Once a bastion of post-retirement perks, in the past decade the auto industry and its golden-aged alumni have taken a fair share of lumps. In a decision on Dec. 10, a federal court ruled the reorganized General Motors no longer has an obligation to pay out health benefits it had promised to a subsidiary.

The suit came in 2010, when the group United Auto Workers (UAW) suited the just-then reorganized GM for $450 million payments to cover medical benefits for Delphi Corp.  The plaintiffs charged that a pact formed in 2007 was still viable. GM had agreed at that time that it would add money to the Voluntary Employee Benefits Association which would give healthcare to retired Dephi workers.

However, Judge Avern Cohn of the U.S. District Court in Detroit shot down the request, saying that GM’s obligations were voided when it went into bankruptcy and was reorganized with government assistance in 2009.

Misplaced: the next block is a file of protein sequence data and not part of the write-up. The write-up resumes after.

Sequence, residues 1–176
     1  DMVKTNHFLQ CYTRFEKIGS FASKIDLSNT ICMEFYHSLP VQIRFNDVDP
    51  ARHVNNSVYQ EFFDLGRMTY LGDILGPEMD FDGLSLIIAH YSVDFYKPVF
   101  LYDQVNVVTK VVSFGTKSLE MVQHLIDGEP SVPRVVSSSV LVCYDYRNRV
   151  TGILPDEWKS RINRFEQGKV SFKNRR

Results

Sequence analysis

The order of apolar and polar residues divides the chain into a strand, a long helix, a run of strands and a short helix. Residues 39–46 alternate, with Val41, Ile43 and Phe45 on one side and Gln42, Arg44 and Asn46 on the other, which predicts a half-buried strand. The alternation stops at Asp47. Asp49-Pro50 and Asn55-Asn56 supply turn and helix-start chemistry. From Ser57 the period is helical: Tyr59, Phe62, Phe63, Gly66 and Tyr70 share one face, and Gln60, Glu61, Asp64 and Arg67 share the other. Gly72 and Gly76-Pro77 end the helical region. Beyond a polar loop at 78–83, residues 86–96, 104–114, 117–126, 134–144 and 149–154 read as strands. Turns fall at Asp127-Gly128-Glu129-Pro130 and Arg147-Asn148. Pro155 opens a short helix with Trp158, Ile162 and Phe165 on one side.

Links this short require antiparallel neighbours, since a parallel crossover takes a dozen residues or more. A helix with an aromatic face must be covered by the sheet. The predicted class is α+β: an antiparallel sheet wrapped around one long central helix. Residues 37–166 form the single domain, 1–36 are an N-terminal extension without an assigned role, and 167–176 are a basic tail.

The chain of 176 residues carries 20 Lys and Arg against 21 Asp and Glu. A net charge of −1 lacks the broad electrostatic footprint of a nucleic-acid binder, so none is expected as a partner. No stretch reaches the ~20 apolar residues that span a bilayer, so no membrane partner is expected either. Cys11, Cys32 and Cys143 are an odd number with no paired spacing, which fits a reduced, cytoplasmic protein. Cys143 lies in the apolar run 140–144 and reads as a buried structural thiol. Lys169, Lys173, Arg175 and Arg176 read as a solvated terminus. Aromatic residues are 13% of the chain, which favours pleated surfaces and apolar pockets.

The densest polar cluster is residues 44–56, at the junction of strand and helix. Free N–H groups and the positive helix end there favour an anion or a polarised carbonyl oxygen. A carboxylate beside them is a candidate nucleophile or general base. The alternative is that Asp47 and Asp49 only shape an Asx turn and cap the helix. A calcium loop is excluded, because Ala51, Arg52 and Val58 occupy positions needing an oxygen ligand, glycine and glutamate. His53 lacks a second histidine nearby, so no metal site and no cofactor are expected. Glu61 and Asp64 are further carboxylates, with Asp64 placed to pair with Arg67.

“New GM assumed only what was in that agreement; the $450 million payment was not among those obligations,” Judge Cohn wrote in a 34-page opinion. “Whether New GM has a moral obligation regarding the payment is another matter and not relevant in the face of clear contractual language.”

UAW President Bob King said in a statement following the ruling, “we are disappointed with the Court’s decision in this case, which seeks to protect benefits for retirees who worked all their lives to help make GM and Delphi successful.”

Regardless of the moral ramifications the judge referenced, it’s unlikely that GM will hand over $450 million out of the goodness of its heart.


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